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Structural, reset faults in SoC designs (Part 1)

Posted: 16 Oct 2013 ?? ?Print Version ?Bookmark and Share

Keywords:system-on-chip? reset? metastability? SoC? metastable?

In system-on-chip designs, as in most electronics systems, it is important to include reset capability. A reset clears any pending errors or events and returns a system to normal condition or an initial state. It is usually done in response to an error condition when it is impossible or undesirable for a processing activity to proceed and all error recovery mechanisms fail. The lack of a proper reset ability can render the device useless after a power loss or malfunction.

With the increased complexity of digital design, the reset architecture used in current nanometre-scale designs has become very complex. While implementing such complex architecture, the designer tends to make some basic mistakes in the implementation of such resets leading to metastability, which in turn results in functional failures in the system.

Metastability is the tendency for a digital electronic system to persist for an unspecified time in an unstable equilibrium or metastable state, where a circuit may not be able to settle into a stable '0' or '1' logic level within the time required for proper circuit operation. As a result, the circuit can act in unpredictable asynchronous ways, leading to "glitches" that cause system malfunctions.

In modern nanometre-scale SoC designs, implementation of a reset architecture is therefore a crucial part of any design. Designers need to consider each and every aspect to ensure that the system will not get any false reset trigger or become metastable/corrupted due to wrong reset design implementation.

This article discusses some basic structural issues in reset design and the metastable problems they cause, including: reset domain crossing, glitches at reset source due to combinatorial loops, combinatorial logic in the reset path, misapplication of synchronous resets, reset-syncrhonizer redundancy, and, finally, reset de-assertion due to uncommon clock paths. At the end of the discussion of each problem some solutions are proposed.

Figure 1: Reset domain crossing issue.

Reset domain crossing
In traditional sequential designs that operate synchronously, if the asynchronous reset of source register is different from the reset of destination register, during the reset assertion of start-point register the data input of destination register changes asynchronously. This path will then operate asynchronously and unpredictably without regard to the global clock although both source and destination register are in same clock domain. This condition C known as a 'reset domain crossing' C occurs where the resets of the launch and capture flop are different. It can cause metastability at the destination register during reset assertion of source register.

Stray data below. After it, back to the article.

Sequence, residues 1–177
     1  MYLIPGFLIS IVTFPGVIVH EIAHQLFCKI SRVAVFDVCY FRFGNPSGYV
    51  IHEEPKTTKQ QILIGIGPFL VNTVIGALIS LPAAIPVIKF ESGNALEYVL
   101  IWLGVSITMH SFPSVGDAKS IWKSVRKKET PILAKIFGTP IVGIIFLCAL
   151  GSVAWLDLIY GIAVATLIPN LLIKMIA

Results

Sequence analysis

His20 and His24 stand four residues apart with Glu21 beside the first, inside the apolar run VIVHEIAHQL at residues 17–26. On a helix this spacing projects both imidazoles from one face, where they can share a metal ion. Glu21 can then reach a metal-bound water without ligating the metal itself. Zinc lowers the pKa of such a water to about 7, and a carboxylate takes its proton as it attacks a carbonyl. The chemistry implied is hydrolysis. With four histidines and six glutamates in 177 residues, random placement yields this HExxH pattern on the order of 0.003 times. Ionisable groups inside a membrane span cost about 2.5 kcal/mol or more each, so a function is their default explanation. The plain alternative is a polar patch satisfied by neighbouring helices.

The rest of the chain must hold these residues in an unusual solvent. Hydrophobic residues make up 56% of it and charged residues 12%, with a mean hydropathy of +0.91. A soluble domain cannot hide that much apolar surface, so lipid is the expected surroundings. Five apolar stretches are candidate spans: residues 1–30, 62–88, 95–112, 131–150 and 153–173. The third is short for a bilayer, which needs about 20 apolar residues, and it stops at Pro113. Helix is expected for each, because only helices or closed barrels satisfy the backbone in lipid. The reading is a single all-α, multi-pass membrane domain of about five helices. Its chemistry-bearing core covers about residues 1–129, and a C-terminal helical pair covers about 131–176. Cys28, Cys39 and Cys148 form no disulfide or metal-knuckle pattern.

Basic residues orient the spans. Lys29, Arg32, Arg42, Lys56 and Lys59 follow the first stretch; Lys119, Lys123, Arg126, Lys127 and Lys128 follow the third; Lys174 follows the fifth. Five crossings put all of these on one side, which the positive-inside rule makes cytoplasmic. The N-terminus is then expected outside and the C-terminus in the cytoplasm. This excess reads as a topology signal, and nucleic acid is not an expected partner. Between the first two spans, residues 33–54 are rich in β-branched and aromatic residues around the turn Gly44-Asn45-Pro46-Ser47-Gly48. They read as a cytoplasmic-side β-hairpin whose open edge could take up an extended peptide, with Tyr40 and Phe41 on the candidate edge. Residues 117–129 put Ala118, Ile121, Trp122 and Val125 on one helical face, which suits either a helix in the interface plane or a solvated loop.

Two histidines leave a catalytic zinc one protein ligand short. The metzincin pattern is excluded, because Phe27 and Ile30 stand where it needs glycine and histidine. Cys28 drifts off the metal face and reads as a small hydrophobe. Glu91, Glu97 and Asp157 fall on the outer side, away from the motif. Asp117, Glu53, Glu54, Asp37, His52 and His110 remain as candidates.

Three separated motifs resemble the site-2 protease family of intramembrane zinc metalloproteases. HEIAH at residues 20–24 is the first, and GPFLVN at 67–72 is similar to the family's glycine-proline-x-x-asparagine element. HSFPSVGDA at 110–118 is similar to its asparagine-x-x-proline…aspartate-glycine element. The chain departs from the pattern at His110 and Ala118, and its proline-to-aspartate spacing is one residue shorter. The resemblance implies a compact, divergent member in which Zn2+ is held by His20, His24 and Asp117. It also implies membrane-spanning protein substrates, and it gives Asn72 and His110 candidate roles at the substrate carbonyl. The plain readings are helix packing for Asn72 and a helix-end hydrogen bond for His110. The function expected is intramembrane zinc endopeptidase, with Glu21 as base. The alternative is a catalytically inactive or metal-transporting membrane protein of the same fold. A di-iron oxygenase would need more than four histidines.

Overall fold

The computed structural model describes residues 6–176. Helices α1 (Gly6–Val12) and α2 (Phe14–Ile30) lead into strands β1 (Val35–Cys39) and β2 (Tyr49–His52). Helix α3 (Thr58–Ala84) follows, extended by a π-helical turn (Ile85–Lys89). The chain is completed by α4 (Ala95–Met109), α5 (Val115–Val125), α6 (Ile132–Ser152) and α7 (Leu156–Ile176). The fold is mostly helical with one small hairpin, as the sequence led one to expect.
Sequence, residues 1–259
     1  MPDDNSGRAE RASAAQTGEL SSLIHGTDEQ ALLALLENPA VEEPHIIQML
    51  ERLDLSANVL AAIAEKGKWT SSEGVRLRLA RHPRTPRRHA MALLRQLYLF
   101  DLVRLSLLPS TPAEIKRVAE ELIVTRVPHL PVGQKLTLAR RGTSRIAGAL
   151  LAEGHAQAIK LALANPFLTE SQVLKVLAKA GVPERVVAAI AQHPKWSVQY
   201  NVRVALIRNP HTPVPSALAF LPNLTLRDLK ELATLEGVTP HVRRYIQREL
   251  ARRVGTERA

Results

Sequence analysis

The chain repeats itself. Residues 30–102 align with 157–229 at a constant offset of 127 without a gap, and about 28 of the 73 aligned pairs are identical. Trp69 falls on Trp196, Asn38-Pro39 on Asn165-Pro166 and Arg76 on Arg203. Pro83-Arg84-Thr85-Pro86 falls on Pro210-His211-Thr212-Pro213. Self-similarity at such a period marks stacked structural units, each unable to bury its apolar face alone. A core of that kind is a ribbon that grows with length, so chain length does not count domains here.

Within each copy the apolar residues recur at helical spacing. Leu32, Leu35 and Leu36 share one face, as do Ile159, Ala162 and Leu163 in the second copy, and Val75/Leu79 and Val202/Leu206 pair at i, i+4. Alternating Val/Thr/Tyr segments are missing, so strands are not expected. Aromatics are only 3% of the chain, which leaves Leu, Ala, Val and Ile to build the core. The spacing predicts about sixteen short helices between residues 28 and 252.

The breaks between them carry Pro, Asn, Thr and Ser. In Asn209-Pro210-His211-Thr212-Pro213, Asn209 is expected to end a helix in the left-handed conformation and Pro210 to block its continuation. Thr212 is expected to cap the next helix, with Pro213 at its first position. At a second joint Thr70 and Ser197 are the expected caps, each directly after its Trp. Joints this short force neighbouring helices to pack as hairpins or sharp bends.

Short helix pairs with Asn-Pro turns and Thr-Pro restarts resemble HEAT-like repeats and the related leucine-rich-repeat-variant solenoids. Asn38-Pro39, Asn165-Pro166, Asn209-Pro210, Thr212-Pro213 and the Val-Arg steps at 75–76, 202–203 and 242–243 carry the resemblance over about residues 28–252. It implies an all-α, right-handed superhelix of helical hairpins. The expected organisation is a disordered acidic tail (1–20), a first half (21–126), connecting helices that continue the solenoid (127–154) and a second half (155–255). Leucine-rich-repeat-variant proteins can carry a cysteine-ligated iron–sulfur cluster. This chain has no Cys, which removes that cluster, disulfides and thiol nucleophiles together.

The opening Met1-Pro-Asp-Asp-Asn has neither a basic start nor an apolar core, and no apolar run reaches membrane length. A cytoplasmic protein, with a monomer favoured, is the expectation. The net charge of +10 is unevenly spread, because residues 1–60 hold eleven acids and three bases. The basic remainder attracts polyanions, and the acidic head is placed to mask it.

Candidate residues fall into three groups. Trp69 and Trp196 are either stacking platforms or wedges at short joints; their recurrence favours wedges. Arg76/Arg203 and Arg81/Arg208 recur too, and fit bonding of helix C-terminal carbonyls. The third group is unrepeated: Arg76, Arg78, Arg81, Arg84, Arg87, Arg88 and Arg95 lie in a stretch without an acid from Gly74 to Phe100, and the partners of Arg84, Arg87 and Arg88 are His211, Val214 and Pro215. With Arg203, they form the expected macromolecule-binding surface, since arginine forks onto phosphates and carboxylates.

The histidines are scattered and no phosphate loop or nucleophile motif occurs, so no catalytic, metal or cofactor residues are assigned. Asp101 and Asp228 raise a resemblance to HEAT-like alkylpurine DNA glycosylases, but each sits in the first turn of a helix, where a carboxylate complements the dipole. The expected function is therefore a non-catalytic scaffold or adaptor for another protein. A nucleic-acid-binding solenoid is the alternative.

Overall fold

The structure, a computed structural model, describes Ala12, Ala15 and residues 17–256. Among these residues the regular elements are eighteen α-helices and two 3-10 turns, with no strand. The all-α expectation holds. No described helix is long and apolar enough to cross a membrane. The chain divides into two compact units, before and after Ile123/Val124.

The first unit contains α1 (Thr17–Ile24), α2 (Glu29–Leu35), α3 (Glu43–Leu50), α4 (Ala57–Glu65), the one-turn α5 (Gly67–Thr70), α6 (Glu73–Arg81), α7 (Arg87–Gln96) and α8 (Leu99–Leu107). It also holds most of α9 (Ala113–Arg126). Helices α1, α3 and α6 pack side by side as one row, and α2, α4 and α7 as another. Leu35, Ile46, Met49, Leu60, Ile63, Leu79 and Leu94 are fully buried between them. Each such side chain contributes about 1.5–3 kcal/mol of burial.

In this scenario the asynchronous reset assertion of start point register-C and of the destination register-A are different (figure 1). Suppose that during reset assertion of register C the flop A is not in reset. In such a case, if some valid data transaction is going on at the input of register A, then the changes due to asynchronous reset assertions on start point register C can cause timing violation at destination register A. This will produce metastability.

Solution: In the timing diagram in figure 1, when some valid data transaction goes through C1, then rst_c_b gets asserted, causing C1 to change asynchronously (w.r.t clk). As a result, meta-stability at QC1 may cause functional failure. To avoid this problem, in addition to using a synchronous reset, non-resettable flops or POR for the D1 flop it will also be necessary to determine if the source of the reset rst_c_b is synchronous. If it is, then it is safe to assume that considering the timing arc from C_CLR>Q for setup-hold check from>C_CLR>C_Q1>C1>A_D can avoid metastability. in design. However usuallyby default- C_CLR>Q timing arcs are not enabled in library and as a result it they need to be explicitly enabled during timing analysis.

Use a two-flop synchroniser at destination (A) to avoid the propagation of metastability throughout the design.

Glitch at reset source due to combinatorial loop
In an SOC the global system reset is a combination of various reset sources in a device (figure 2) generated either by software or hardware: LVD reset, watchdog reset, debug reset, software reset, and loss of clock reset. All can be used to assert global system reset.

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